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  • Struktura imennoj gruppy v bezartiklevom jazyke [Structure of the Noun Phrase in an articleless language] by Ekaterina A. Lyutikova
  • Nerea Madariaga1
Ekaterina A. Lyutikova. Struktura imennoj gruppy v bezartiklevom jazyke [Structure of the Noun Phrase in an articleless language]. Moscow: Jazyki slavjanskoj kul'tury, 2018. 438 pp.

This book represents a milestone in an academic life largely dedicated to the formal and comparative-typological study of the noun phrase in diverse natural languages. As Professor Lyutikova acknowledges in the introduction, this book is a compilation of many of the data and results of her productive and fruitful career, paying special attention to those phenomena related to the nominal domain, recently gathered together in her post-doctoral (habilitation) thesis.2

In this work, the author argues in favor of a unified micro-parametric account for the differences between NPs in languages with articles and articleless languages. More specifically, she provides arguments in favor of a lexical parametrization of the D category (cf. the Borer-Chomsky Conjecture), in the sense that articleless languages do have a real, albeit silent, D head, whereas in languages with articles D is lexically realized. Her hypothesis is grounded in certain ideas that are well-established in the field, such as the categorial status and semantic interpretation of NPs and the universality of the syntax-semantic interface (the syntactic representation of the semantic types).

The book is organized according to the following structure. There is a brief introduction. Then, the main chapters of the book (chapters 1 to 4) follow, each dedicated to one "big" topic concerning the nominal domain in formal syntax. These chapters acquaint the reader with the author's arguments in favor of a unified account of D in all natural languages, despite the absence of overt articles in some of them. In addition to the partial conclusions given at [End Page 227] the end of each chapter, there is a final short conclusion at the end, followed by a list of abbreviations, references, and languages mentioned in the book.

In the Introduction (9–21), the author defines two ways of examining linguistic variation, the typological and the generative frameworks, highlighting the differences between the two approaches and arguing in favor of the notion of parameter as a way to account for the linguistic diversity, restricting it at the same time. The global cross-linguistic situation and distribution of articleless languages vs. languages with articles is described, together with the most relevant hypotheses on the topic: (A) Szabolcsi's (1987) DP-hypothesis that every NP has an extended functional projection realized as D and (B) Bošković's (2008) proposal that articleless languages lack the D category and have only NP. Throughout the subsequent chapters, Lyutikova pursues the former hypothesis, showing that even articleless languages do project a DP-level the same as languages with articles.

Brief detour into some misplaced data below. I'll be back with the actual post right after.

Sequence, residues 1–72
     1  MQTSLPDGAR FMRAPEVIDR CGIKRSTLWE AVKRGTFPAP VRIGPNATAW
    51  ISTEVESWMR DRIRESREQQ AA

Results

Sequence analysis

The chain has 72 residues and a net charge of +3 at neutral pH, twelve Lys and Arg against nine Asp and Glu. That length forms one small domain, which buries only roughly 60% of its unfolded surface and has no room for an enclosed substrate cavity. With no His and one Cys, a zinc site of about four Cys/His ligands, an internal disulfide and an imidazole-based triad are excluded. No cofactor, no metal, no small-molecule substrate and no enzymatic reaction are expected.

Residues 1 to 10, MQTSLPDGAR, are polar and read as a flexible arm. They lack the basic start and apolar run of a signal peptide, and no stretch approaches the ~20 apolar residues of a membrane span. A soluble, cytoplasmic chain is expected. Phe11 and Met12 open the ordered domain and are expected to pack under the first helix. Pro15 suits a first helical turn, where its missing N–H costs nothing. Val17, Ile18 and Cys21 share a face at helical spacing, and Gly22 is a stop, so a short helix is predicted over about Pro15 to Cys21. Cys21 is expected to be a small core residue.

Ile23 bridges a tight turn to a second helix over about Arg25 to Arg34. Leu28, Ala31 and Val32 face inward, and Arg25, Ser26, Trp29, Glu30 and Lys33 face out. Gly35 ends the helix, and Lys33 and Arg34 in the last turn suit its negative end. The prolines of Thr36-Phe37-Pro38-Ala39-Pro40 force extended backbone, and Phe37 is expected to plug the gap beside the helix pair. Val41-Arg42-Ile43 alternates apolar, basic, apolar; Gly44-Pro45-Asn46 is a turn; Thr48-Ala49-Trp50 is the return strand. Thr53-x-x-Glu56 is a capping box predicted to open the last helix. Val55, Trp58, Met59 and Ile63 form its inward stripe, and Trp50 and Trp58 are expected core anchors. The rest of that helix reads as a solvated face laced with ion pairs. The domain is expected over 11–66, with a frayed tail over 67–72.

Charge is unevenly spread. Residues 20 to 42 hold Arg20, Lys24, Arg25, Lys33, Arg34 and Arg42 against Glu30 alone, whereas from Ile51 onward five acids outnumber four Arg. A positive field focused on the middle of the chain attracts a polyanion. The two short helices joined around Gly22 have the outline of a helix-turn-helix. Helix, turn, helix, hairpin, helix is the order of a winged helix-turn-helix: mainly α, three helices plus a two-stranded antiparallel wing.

Chapter 1 (23–125) deals with the structure of DP. The author shows that certain properties of the DP-layer in languages with articles are also met in articleless languages. First she explains the arguments supporting hypothesis (B) above, based on Left Branch Extraction, semantic types, and the "adjectival" nature of potential D-elements in articleless languages and immediately rejects them in favor of her own hypothesis (A). Further, she offers extensive arguments in favor of hypothesis (A), based on the landing position of elements undergoing inversion, the interpretation of possessives according to their position, the distribution of whole DPs vs. smaller phrases (NP/QP) in articleless languages, and the "barrier" properties of DPs, as compared to "penetrability" effects of smaller NPs, in accordance with Pereltsvaig's (2006) hypothesis on Small Nominals. These effects are illustrated with data that range from island and extraction properties in Russian idioms to properties of argumental completive clauses in Ossetian, another articleless language. For example, rarer combinations of light verbs plus deverbal nouns in Russian (e.g., zaslužit′ prava 'deserve rights') behave as DPs in languages with articles, evidencing a rich functional structure in Russian nominal phrases, whereas other more frequent or natural combinations show the properties of smaller NPs (e.g., imet′ prava 'have rights').

In chapter 2 (127–92), Lyutikova offers a detailed analysis of the...


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